Certain weight stack based exercise apparatuses also encounter problems as a result of the momentum created when the weight plates are lifted under the control of a cable. Specifically, when the weight plates are lifted upwardly at a fast pace, the generated momentum can create momentary reductions and increases in the perceived force encountered by the user. Such momentary changes are highly undesirable.

Some weight stack based exercise apparatuses also encounter problems with the cable catching or binding on the frame, support arms, or other parts of the assembly. Certain weight stacks also have cables that shorten or lengthen when a support arm(s) that contacts the cable moves upward or downward. Such shortening or lengthening can cause the handles coupled to the cables to inconveniently dangle an excessive distance downwardly from the support arm(s). As a result, a need further exists for an exercise apparatus overcoming the shortcomings of prior art cable assemblies.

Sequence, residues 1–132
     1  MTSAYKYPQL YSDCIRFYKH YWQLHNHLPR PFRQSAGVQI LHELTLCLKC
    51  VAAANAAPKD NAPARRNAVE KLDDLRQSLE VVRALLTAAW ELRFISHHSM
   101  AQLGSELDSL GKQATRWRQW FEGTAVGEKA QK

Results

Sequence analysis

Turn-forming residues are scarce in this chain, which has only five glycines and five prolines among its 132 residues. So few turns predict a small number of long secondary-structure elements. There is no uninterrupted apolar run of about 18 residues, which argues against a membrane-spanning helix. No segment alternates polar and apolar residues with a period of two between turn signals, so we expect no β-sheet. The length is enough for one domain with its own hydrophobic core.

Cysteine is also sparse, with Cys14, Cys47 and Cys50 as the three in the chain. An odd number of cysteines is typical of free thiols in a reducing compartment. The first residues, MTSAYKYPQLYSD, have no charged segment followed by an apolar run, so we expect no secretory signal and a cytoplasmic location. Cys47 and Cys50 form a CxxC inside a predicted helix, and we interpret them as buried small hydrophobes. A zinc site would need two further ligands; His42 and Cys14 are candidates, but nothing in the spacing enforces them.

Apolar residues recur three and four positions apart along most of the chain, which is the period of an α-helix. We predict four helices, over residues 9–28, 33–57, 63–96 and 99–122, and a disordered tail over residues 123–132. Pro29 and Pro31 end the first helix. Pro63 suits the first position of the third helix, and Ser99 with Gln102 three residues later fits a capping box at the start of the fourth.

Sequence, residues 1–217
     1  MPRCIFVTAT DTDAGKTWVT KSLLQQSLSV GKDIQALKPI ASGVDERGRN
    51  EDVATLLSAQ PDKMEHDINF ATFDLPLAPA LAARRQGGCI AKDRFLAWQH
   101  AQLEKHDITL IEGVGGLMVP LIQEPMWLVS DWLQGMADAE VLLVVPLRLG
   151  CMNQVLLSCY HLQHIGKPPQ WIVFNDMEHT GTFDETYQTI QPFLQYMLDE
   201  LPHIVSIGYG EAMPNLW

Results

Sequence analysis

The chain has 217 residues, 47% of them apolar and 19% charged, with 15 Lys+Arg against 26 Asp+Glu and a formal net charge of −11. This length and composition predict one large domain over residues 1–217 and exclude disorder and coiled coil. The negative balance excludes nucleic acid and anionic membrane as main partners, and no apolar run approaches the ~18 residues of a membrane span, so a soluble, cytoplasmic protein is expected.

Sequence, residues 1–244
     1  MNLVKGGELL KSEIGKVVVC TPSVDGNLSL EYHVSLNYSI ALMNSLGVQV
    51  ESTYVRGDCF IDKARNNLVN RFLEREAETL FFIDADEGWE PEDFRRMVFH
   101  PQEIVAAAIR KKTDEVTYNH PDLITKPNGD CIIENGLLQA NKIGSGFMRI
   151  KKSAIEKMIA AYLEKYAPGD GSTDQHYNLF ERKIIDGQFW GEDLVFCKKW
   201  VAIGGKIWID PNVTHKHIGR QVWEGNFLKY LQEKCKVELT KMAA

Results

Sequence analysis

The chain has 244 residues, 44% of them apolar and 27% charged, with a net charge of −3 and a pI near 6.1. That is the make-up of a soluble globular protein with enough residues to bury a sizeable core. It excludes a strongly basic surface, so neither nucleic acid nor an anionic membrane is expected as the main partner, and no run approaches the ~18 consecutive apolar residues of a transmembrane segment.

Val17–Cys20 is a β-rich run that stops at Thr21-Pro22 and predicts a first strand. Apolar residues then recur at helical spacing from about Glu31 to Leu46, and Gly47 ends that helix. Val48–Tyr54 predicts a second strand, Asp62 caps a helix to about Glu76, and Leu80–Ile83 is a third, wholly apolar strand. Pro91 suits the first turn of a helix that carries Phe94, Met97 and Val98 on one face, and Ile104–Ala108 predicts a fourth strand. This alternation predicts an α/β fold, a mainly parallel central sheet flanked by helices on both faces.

BRIEF SUMMARY OF THE INVENTION

The present invention provides an exercise apparatus including a resistance assembly having a base and a weight stack assembly. Right and left extension arms each include a proximal end pivotally coupled to the resistance assembly, and a free distal end from which respective first and second ends of the cable extend. Upper and lower guide pulleys are attached to each end of the resistance assembly adjacent the proximal ends of the right and left extension arms.

The upper and lower guide pulleys are positioned such that when the extension arms are pivoted so that they are at a generally upward angle, the cable contacts at least the upper pulley. When the extension arms are pivoted so that they are at a generally downward angle, the cable contacts at least the lower pulley. In one embodiment of the invention, when the extension arms are pivoted so that they are at a generally downward angle, the cable contacts both the upper and lower pulleys.